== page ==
The circuitry of the cerebellar cortex. Inset shows a stained Purkinje neuron (Golgi stain). There are two major excitatory inputs to the cerebellum: climbing fibers and mossy fibers. Whereas the climbing fibers synapse directly on Purkinje neurons, the mossy fibers first synapse on granule neurons, which in turn give rise to the parallel fibers, which synapse on Purkinje neurons.
The same two basic circuits are present throughout the cortex of the spinocerebellum, cerebrocerebellum, and vestibulocerebellum; one receiving excitatory input from the climbing and the other, from the mossy fibers. Climbing fibers originate entirely from the inferior olivary nuclear complex (Figure 13–11B) and synapse on Purkinje neurons (Figure 13–14). Climbing fibers make multiple synapses with one Purkinje neuron. Remarkably, each Purkinje neuron receives input from only a single climbing fiber. Individual climbing fibers branch to make contact with no more than about 10 Purkinje neurons.
The other circuit begins with the mossy fibers; the Purkinje neuron is also the target, but not directly (Figure 13–14). Mossy fibers first synapse on granule neurons—the only excitatory interneurons in the cerebellum. Located in the granular layer (Figure 13–13), granule neurons have an axon that ascends through the Purkinje layer into the molecular layer. Here the axon bifurcates to form the parallel fibers, which synapse on Purkinje neurons (Figure 13–14) and other cerebellar interneurons (Table 13–1). Note that the micrograph of the Purkinje neuron (Figure 13–14) is in the plane of the dendritic tree; the right side of the drawing is at right angles to the dendritic tree. Owing to the planar dendritic tree of Purkinje neurons, one parallel fiber will synapse only a few times with a Purkinje neuron, as the axon passes through its dendrites. That axon may synapse on hundreds of Purkinje neurons that are stacked along the folium. Each Purkinje neuron receives synapses from thousands of parallel fibers. The efficacy of parallel fiber input onto a given Purkinje neuron is increased immediately after Purkinje neuron activation by a climbing fiber. Purkinje neurons of the spinocerebellum and cerebrocerebellum project their axons through the cerebellar white matter to synapse on neurons in the deep cerebellar nuclei (Figure 13–12). To reach the vestibular nuclei, Purkinje neuron axons of the vestibulocerebellum travel through the inferior cerebellar peduncle.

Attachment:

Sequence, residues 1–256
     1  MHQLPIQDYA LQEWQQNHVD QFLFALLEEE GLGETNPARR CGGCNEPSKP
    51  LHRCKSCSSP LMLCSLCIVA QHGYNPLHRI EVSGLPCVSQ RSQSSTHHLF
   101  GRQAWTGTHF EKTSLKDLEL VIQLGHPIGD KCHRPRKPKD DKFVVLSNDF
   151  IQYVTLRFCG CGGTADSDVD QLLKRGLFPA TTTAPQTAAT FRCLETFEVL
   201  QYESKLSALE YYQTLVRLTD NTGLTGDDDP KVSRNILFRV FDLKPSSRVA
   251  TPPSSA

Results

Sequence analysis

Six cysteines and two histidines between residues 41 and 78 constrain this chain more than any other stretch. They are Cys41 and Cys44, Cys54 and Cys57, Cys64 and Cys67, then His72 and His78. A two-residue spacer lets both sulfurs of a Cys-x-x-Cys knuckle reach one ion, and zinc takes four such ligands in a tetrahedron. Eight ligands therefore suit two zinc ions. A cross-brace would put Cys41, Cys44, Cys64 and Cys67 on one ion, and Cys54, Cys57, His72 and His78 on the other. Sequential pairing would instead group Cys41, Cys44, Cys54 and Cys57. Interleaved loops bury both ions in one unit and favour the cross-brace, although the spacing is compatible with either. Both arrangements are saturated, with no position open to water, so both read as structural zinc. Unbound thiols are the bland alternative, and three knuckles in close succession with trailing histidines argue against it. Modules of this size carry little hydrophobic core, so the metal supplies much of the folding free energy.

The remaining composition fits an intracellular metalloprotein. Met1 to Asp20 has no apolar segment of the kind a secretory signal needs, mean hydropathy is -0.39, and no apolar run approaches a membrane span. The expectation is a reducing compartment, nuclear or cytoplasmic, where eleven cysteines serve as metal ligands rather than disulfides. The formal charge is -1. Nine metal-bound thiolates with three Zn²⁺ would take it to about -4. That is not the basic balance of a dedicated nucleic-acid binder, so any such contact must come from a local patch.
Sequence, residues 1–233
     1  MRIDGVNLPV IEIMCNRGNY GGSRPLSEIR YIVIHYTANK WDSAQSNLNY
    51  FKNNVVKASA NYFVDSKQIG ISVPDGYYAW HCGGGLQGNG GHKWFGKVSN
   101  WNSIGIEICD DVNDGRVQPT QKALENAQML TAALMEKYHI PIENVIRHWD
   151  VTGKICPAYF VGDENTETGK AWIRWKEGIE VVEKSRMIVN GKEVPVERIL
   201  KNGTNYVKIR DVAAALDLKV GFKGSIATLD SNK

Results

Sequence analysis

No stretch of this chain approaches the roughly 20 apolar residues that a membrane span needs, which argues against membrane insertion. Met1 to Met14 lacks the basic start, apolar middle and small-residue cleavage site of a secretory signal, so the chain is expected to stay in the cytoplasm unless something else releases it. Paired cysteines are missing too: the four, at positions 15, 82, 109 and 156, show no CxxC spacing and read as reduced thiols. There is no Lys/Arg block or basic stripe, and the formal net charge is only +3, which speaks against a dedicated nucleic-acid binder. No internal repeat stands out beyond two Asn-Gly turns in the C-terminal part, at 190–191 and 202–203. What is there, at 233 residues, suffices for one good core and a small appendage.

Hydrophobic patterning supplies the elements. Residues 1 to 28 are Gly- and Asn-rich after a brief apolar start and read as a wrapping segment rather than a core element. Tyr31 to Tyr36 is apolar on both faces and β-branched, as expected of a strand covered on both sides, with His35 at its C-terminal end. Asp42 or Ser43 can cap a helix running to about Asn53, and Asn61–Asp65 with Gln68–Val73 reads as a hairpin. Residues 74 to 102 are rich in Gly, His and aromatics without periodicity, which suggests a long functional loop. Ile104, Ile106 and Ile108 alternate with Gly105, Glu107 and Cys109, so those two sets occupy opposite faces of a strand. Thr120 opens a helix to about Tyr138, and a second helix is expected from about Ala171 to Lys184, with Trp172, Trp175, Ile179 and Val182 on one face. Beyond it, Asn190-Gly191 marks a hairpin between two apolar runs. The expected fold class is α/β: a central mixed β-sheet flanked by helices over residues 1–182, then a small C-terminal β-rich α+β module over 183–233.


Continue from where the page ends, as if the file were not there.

The cerebellum is thought to have a modular functional organization organized, in part, by the projections of climbing fibers. Within the different sagittal functional zones (eg, Figure 13–5), there are microzones in which small clusters of Purkinje neurons receive climbing fiber inputs that have similar physiological characteristics, such as processing somatic sensory information from the same body part. The Purkinje neurons in the microzone, in turn, project to a group of neurons in a deep nucleus or vestibular nucleus that receive similar inputs from the olive. Within each functional division there are many microzones. It is thought that each microzone subserves a different aspect of the overall functions of the broader zone, such as regulating the coordination and strength of contraction of different hand muscles within arm representation of the spinocerebellum.
The Deep Cerebellar Nuclei Are Located Within the White Matter
The deep cerebellar nuclei can be identified in the transverse section through the pons and cerebellum shown in Figure 13–12, from medial to lateral: fastigial, globose, emboliform, and dentate nuclei. Recall that the globose and emboliform nuclei collectively are termed the interposed nuclei. The efferent projections of the deep nuclei course through the inferior and superior cerebellar peduncles.
The fastigial, interposed, and dentate nuclei have differential projections that reflect their functions in maintaining balance, controlling limb movement, and planning movement, respectively. The major targets of the output of the fastigial nucleus are the vestibular nuclei and the reticular formation, two components of the medial descending pathways that control balance and posture. The major targets of the interposed nuclei are the magnocellular division of the red nucleus, where the rubrospinal tract originates and, via the thalamus, the motor cortex. The major targets of the dentate nucleus are the parvocellular division of the red nucleus, which sends its axons to the ipsilateral inferior olivary nucleus via the central tegmental tract (shown at its termination in Figure 13–11A), and, via the thalamus, areas of cortex involved in motor planning. Note that the two divisions of the red nucleus cannot be clearly distinguished. The parvocellular division is much larger than the magnocellular division.
The ascending projections from the deep nuclei course in the superior cerebellar peduncle (Figures 13–12 and, 13–15B4). The superior cerebellar peduncle decussates in the caudal midbrain, at the level of the inferior colliculus (Figure 13–15A, B2). The axons continue rostrally, either synapsing with the two divisions of the red nucleus or passing through the nucleus en route to the motor thalamic nuclei. Collectively, the projections from the deep cerebellar nuclei to the thalamus are termed the cerebellothalamic tract.
The superior cerebellar peduncle is the principal output path of the cerebellum. A. Location of the superior cerebellar peduncle and associated axons from the cerebellum to the thalamus (pale red shading) in relation to the red nucleus and ventrolateral nucleus of the thalamus. B. Transverse myelin-stained sections through the rostral midbrain (B1), caudal midbrain (B2), pons-midbrain junction (isthmus, B3), and rostral pons (B4).